By Erik Malmstrom, CEO of SafeTraces, Inc
“We need an eff’ing number,” an exasperated IAQ authority exclaimed to me in the summer of 2020.
He was referring to the longstanding need for a clear ventilation and filtration standard for aerosol removal, all the more urgent in the face of SARS-CoV-2, an unprecedented airborne pathogen spread via infectious aerosols and paralyzing the built environment from offices to schools to nursing homes to restaurants.
To those not close to the world of IAQ, it may come as a surprise that the US along with most countries do not have a measurable, verifiable standard governing ventilation and filtration controls for pathogen protection outside of healthcare facilities.
For context, how important is ventilation and filtration?
According to the National Institute of Occupational Safety and Health (NIOSH), inadequate ventilation is responsible for 52% of IAQ risk, including exposure to infectious aerosols, representing the single largest source of risk.
Yet nearly two years later, we are still waiting for a clear standard, with nothing imminent. Consistently, key regulatory and standards setting bodies have failed to go beyond providing squishy guidelines for ventilation and filtration for pathogen protection.
The consequence? Without a measurable, verifiable standard, ventilation and filtration performance isn’t measured and managed for pathogen protection, consistently or in many cases at all. The second order consequences? Preventable infections. Financial loss and waste. And a crisis in confidence, with polls indicating nearly 90% of the public lacks trust in workplace safety.
Simply put, we cannot afford to wait any longer. With Omicron subsiding, mask mandates being lifted, and the public increasingly returning to buildings in 2022, a clear ventilation and filtration standard for pathogen protection is critical not only for future pandemic preparedness, but also for overall public health, safety, and wellness to ensure a consistent level of IAQ across buildings.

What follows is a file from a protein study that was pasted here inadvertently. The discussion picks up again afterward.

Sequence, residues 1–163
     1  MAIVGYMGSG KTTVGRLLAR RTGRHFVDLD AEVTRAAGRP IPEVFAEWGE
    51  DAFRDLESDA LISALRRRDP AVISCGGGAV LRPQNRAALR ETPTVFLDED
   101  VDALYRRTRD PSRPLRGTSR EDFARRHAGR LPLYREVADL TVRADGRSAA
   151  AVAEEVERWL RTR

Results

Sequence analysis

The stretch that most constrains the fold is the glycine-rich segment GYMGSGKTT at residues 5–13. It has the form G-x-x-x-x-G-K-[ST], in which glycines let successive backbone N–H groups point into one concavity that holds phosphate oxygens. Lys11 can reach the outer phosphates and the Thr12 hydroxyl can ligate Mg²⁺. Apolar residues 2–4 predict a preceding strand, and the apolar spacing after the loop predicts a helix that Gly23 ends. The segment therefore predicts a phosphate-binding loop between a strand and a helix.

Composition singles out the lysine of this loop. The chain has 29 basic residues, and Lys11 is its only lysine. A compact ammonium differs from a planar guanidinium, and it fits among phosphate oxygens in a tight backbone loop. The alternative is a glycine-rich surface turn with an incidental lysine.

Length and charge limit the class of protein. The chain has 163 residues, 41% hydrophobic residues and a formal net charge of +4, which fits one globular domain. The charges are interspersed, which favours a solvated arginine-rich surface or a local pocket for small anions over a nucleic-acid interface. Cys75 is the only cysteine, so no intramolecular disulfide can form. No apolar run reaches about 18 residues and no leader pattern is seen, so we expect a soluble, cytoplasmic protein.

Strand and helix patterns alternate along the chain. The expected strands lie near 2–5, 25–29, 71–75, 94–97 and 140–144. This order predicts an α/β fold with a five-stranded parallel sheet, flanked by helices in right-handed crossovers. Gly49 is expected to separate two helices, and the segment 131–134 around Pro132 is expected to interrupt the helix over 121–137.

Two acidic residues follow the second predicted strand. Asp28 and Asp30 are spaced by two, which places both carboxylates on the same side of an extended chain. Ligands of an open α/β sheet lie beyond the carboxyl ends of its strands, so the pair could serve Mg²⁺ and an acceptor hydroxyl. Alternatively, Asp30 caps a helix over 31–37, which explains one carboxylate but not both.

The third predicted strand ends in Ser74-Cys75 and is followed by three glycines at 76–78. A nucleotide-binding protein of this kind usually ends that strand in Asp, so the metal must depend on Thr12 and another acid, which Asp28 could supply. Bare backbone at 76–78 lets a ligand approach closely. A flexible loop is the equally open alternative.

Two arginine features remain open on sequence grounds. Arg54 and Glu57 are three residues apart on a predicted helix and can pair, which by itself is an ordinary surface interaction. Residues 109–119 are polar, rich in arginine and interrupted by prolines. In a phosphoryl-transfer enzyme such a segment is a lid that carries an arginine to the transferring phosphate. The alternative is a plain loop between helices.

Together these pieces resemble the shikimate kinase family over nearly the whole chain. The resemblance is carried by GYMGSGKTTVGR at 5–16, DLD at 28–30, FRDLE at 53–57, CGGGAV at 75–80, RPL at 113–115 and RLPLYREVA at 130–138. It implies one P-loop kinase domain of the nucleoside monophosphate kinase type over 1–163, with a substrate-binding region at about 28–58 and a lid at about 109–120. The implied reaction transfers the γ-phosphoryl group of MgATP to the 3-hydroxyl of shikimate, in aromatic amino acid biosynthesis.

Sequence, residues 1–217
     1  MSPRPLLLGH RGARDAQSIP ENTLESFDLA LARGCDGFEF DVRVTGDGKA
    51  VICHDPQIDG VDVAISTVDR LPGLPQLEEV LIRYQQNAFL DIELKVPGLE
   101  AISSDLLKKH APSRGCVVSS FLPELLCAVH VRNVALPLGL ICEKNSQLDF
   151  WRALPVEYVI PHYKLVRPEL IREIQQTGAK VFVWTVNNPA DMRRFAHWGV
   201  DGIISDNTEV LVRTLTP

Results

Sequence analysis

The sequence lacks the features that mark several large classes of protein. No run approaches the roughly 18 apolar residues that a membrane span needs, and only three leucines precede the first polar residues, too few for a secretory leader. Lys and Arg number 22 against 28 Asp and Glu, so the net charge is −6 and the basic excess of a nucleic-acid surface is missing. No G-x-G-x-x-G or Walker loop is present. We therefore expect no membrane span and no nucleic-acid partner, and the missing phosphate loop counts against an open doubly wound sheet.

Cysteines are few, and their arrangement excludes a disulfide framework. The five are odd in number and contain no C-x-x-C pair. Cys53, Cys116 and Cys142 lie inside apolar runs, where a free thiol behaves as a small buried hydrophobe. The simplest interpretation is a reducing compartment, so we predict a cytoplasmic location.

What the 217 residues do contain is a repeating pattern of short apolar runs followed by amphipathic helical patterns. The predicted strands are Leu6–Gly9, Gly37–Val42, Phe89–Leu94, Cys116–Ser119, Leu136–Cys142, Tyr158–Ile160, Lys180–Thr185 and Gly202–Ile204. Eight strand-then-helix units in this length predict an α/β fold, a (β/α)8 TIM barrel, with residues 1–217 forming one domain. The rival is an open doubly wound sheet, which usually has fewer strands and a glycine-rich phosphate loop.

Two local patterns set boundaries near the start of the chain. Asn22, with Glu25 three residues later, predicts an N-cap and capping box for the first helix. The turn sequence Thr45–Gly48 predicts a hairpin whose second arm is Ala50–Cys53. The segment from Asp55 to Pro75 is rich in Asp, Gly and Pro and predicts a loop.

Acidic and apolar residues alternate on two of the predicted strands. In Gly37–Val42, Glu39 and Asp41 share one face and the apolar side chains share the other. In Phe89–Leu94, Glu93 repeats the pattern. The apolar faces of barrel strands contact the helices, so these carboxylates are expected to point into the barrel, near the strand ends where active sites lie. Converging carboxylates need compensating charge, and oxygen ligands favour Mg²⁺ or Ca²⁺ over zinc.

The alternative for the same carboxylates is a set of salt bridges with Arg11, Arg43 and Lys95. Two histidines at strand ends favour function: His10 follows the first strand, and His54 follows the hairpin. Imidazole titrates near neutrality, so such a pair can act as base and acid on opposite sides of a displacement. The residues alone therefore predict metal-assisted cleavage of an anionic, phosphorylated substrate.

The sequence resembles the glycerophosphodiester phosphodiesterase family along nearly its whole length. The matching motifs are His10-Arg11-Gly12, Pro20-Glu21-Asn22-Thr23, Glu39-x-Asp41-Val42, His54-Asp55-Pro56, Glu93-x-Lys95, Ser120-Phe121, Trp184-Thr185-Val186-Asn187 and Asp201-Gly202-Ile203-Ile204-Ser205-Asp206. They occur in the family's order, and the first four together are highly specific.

In response, SafeTraces and UL, two independent safety science leaders, are excited to launch the first ever assessment and rating program for real world ventilation and filtration performance for aerosol removal in the built environment.
We were compelled to answer the poignant call to action by Lidia Morawska, Joe Allen, William Bahnfleth, and 31 other leading experts who co-authored A Paradigm Shift to Combat Indoor Respiratory Infection: Building Ventilation Systems Must Get Much Better.
In this clear-eyed article, they pinpointed the central problem at the heart of the public trust deficit regarding workplace safety –
“at present, members of the general public…have no means of knowing the conditions of the indoor spaces that they occupy and share with others.”
One of their key proposed solutions? In the same way restaurants publicly display certificates for food hygiene in the interest of public health, buildings should publicly display “ventilation certificates” to drive transparency, accountability, and safety. And to strengthen public trust, confidence, and peace of mind.
A profound and elegant idea. Needed now more than ever.
But how should such a standard be formulated, without becoming trapped in technical complexity and debates that have prevented a measurable, verifiable standard from coming to fruition to date?
Our best starting point was ANSI/ASHRAE/ASHE Standard 170-2017, Ventilation of Health Care Facilities, which defines ventilation system design requirements that provide environmental control. As mentioned, health care facilities are unique in the built environment by designing performance standards with specific consideration for pathogen protection.